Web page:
Page 2 - Physical Look - Hardware
The Audiofly AF56 series earphones are available in two variants -- one with the microphone, and one without. Since I would be hard pressed to find anyone nowadays listening to music on a dedicated digital audio player exclusively, we took in the AF56m, where the 'm' signifies the inclusion of an integrated microphone to go with your smartphone. The microphone is located on cable that leads to the right side. The AF56m is available in three different color schemes. This includes Vintage White, Blue Tweed, and Edison Black. Our particular unit is Blue Tweed. The striped yellow cable will sure stand out against most clothing, so if you are looking for something a little more fashion-neutral, going with Edison Black is probably a better choice overall.
These earbuds are quite lightweight, thanks to the way the cable is made. The Audiofly AF56m is designed to wrap around and behind your ears, which reminds me of one of the first products I have ever reviewed here at APH Networks, the Shure E2c more than a decade ago. I would like to commend Audiofly for making such lightweight earphones for improved comfort, but they definitely lean on the chunky side in terms of size. Thankfully, they are not long, so it still fits well for most people, including me. In the end, I went with the medium sized silicone ear sleeves after trying out the small eartips for best fit out of the three. As with all IEMs, users with different sized ears will be happy to know that the company has included three different sized sleeves for best seal. On a side note, on the product page at press time, it says it comes with three sets of silicon sleeves. It is important that silicon, the chemical element commonly found in semiconductors, is not the same thing as silicone, the synthetic compound used to make the ear tips, haha.
The Audiofly AF56m earphones connect to your audio output device via a straight 3.5mm gold plated connector. I personally prefer angled connectors over straight connectors like the AF56m, because they are inherently easier to disconnect from a source being easier to grip. I do like the fact the cable is 120cm long, which should be more than sufficient for most users. As far as quality is concerned, the company claims the Audioflex braided cable is made with CORDURA fabric outer sheath. CORDURA is a brand name of synthetic fabric made out of nylon, and may be blended with other fibers, used in many products such as luggage and backpacks. If you have ever seen a CONDURA hangtag, you may remember it being advertised as durable, versatile, and reliable. Meanwhile, the AF56m's 3.5mm jack is made out of plastic and metal for a nice quality feel. The Y-split junction at the center of the cord also feels solid, even though it is made out of plastic, but it features a metal button in the middle for a bit more substance. All in all, the build quality of the AF56m is quite commendable for something that carries an MSRP of $110 at press time.
A closer look at Audiofly's AF56m earbuds. The plastic casing and mesh exterior surface is not particularly special in my opinion, but it does carry a bit of visual interest. Audiofly's logo is embossed onto the outer mesh, with "L" and "R" clearly labeled on the inside. The small text adjacent to the left and right labels include the model number and "Designed in Australia" -- if you can read it, of course. It is important to note the relatively large enclosure is not made without reason. The AF56m features relatively large 13mm drivers, which typically and theoretically translate to more powerful bass and wider soundstaging. It has a rated frequency response of 18Hz to 20kHz, with sensitivity at 118dB @ 1kHz, and impedance of 16 ohms. Like many modern earphones, the drivers aim directly into your ear for a more direct and transparent sound reproduction characteristic. At the same time, it makes the earphones much easier to clean in the long run too. The sleeves assist the aim into the user's ear canals, and since these earphones are designed for a closed configuration, the Audiofly AF56m are made for passive noise canceling.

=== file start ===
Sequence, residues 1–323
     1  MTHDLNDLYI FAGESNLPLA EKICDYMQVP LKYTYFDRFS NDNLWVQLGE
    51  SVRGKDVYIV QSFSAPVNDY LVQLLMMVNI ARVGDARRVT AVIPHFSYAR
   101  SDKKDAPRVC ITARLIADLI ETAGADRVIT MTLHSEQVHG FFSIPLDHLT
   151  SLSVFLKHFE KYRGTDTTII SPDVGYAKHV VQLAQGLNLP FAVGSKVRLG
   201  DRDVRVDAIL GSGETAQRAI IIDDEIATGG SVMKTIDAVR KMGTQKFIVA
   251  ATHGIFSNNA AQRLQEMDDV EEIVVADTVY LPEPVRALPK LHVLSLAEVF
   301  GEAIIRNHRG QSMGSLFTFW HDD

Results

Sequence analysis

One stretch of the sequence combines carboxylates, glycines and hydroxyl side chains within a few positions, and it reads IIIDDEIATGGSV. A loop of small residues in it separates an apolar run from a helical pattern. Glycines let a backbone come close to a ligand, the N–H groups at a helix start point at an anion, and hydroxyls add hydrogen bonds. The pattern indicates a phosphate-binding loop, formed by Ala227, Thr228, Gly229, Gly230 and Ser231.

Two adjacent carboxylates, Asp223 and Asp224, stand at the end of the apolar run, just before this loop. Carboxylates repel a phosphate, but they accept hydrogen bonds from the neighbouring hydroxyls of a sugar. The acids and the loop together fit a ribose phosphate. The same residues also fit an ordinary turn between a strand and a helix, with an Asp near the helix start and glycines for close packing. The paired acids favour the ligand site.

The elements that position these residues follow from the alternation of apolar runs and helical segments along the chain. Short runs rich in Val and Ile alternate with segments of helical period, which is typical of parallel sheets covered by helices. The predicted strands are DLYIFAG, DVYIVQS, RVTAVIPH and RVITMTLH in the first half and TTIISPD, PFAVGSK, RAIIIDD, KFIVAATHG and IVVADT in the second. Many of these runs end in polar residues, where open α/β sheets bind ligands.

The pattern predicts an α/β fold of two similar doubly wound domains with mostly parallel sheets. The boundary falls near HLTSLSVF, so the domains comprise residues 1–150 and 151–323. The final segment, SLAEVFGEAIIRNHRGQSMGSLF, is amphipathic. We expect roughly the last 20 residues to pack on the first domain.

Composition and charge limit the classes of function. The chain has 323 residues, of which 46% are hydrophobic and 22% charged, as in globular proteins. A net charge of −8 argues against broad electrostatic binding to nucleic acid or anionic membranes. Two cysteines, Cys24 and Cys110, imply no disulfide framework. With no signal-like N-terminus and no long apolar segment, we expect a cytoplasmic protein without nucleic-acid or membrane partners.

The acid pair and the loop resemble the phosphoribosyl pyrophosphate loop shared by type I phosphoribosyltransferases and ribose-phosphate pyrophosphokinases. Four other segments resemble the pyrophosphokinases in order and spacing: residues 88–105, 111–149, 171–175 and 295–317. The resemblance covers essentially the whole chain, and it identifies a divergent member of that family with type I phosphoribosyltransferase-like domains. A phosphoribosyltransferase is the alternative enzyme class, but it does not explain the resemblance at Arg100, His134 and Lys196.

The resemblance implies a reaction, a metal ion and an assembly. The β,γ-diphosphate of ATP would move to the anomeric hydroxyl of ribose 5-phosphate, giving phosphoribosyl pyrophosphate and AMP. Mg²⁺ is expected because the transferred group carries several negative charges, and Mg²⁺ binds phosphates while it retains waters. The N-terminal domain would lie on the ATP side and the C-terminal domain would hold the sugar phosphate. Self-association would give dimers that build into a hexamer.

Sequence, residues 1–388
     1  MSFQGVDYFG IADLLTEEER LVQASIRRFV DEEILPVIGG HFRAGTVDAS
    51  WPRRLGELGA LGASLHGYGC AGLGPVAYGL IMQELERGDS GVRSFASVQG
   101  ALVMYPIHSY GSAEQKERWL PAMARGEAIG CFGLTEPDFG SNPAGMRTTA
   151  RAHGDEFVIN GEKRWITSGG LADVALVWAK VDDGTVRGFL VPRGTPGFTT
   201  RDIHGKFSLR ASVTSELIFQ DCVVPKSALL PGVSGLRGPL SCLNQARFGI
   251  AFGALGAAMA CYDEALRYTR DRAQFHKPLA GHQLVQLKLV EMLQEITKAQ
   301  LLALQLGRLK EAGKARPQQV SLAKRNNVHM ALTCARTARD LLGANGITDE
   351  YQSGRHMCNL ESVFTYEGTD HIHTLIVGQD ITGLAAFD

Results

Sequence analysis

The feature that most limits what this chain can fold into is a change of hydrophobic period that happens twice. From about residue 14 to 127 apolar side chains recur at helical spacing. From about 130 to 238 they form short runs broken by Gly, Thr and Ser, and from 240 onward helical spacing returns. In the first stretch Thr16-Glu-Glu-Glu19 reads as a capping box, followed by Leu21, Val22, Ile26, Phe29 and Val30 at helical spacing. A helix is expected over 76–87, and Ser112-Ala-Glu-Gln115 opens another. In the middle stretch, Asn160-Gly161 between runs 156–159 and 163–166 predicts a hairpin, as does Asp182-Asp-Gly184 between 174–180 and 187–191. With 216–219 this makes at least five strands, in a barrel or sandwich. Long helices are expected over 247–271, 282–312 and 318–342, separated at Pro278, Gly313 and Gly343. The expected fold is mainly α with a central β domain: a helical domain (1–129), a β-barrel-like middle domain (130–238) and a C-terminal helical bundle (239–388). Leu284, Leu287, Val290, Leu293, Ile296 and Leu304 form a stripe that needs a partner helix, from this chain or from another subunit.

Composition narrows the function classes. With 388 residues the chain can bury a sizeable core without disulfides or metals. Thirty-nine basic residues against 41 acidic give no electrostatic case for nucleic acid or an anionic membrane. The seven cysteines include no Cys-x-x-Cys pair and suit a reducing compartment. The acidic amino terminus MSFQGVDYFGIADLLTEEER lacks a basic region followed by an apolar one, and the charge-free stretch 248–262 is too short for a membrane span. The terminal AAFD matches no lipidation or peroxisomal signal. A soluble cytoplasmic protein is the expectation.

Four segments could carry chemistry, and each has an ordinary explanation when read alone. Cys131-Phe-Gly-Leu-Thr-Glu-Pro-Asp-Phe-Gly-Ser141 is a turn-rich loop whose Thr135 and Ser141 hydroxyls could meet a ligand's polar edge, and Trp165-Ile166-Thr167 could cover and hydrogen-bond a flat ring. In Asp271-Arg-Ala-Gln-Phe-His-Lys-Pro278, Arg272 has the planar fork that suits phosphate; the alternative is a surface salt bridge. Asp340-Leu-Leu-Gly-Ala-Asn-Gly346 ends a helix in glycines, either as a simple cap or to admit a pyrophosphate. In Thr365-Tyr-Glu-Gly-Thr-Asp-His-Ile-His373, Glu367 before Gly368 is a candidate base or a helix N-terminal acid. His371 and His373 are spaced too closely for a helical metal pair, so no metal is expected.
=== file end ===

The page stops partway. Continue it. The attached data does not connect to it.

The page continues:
The microphonics characteristics of the Audiofly AF56m are pretty decent. During usage, like all IEMs, rustling noise is inevitable -- but it is not as significant issue that interferes with its usage and purpose on the earphones. The Y-split junction filters out a lot of mechanical vibrations half way down the cable, and the upper segment is significantly better than the V-MODA Vibe II I reviewed back in 2009.
Audiofly includes a round storage tin for use with the AF56m earphones. Its metal exterior offers durability and protection, and the plush interior provides protection to the contents. The storage tin itself is nothing special. The lid has the company's logo embossed on it, and is held to the bottom half by a couple of small friction bumps. Needless to say, I would not expect it to hold itself closed if placed loose in your backpack or handbag, so this is definitely an area of improvement.
With all this in mind, how will it perform? As always, we have the entire Page 3 dedicated to presenting our auditioning results.
1. Introduction, Packaging, Specifications
2. Physical Look - Hardware
3. Subjective Audio Analysis